Since Gretchen possesses the vital pages of the bird book that Michael and friends need in order to locate Scylla, she and T-Bag are officially inducted into the cool kids group by Agent Self (Michael Rapaport). Gretchen tries to make nice with Michael, and even goes so far as to have a one-on-one meeting with Sara (Sarah Wayne Callies) in order to make amends for torturing her. She actually gives Sara five minutes to add as many scars to her back as possible (and Gretchen already has quite a few of those) as retribution, although Sara declines. By the way, in the past few episodes, Gretchen has perhaps become the most fascinating character on the show, and her mysterious backstory only contributes to that.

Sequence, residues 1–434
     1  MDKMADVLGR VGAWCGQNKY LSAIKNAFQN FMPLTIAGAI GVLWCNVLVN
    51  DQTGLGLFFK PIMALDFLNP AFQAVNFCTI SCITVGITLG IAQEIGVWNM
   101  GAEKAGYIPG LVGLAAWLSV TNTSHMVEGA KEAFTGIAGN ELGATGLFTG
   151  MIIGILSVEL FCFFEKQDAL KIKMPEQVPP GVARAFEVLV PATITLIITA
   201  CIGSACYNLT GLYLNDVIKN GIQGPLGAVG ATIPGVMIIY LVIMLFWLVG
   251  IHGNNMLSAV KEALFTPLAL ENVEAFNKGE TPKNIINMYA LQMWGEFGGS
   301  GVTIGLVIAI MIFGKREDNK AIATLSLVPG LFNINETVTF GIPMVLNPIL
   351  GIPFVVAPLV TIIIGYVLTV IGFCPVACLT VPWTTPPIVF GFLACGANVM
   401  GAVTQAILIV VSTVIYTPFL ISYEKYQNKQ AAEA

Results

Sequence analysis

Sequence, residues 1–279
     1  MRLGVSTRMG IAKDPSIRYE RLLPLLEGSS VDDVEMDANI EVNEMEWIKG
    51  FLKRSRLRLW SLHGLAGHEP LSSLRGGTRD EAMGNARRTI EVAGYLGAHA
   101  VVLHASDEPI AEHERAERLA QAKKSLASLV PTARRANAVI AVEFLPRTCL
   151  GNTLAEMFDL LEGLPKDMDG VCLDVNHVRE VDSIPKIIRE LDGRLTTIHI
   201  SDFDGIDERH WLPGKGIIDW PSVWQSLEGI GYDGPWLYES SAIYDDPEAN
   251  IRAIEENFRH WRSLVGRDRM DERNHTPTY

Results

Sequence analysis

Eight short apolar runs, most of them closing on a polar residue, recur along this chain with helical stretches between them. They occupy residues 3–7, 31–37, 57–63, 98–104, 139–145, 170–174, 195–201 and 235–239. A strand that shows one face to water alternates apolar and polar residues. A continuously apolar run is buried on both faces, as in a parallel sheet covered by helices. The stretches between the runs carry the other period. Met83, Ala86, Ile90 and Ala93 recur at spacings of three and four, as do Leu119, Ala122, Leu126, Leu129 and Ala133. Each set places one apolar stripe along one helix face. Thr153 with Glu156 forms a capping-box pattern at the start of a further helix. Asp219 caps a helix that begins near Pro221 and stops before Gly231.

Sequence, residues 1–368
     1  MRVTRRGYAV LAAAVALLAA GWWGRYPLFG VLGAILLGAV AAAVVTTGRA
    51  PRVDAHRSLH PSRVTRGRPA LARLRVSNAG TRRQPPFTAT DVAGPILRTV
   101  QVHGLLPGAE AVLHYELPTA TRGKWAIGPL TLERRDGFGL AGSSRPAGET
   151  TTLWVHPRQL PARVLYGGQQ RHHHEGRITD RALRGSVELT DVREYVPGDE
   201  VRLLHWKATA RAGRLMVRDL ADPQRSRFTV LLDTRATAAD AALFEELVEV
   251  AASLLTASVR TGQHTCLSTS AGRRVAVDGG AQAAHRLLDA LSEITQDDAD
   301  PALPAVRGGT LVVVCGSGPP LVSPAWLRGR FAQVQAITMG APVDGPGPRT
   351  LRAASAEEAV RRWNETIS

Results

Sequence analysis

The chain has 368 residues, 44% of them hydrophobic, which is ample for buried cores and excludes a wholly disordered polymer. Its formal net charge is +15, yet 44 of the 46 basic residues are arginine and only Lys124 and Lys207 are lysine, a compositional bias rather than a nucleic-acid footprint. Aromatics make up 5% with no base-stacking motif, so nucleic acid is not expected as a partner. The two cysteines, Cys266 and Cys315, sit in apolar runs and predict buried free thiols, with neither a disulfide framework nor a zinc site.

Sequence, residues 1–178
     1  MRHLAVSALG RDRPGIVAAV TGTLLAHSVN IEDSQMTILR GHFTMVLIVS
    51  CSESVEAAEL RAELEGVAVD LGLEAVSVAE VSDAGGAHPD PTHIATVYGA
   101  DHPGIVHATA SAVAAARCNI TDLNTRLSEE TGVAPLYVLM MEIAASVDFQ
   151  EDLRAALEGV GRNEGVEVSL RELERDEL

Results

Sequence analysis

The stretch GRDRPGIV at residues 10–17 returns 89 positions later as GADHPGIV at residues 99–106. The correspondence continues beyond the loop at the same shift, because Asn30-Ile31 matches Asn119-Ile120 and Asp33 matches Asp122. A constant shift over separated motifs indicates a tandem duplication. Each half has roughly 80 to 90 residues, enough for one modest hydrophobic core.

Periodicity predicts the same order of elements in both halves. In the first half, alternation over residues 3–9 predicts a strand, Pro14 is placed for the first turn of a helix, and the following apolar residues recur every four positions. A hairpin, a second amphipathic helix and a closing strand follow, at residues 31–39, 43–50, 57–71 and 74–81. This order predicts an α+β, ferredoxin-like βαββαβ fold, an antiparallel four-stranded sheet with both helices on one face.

Still, once left alone with T-Bag at Gate, Gretchen admits that once they uncover Scylla, she will betray and or kill pretty much everyone that she is working with, except him. They are then greeted by Feng, the gangster who demanded Scylla from T-Bag several episodes ago. He has come to kill The Bagster, but Gretchen convinces him otherwise and assures him that they will provide Scylla, for the fair price of $125 million. T-Bag, who briefly lived it up as the holder of D.B. Cooper's $5 million stash, is quite excited by the prospect of a $25 million cut. That would mean that he would never again have to go without a South American prostitute.
Never trust Termie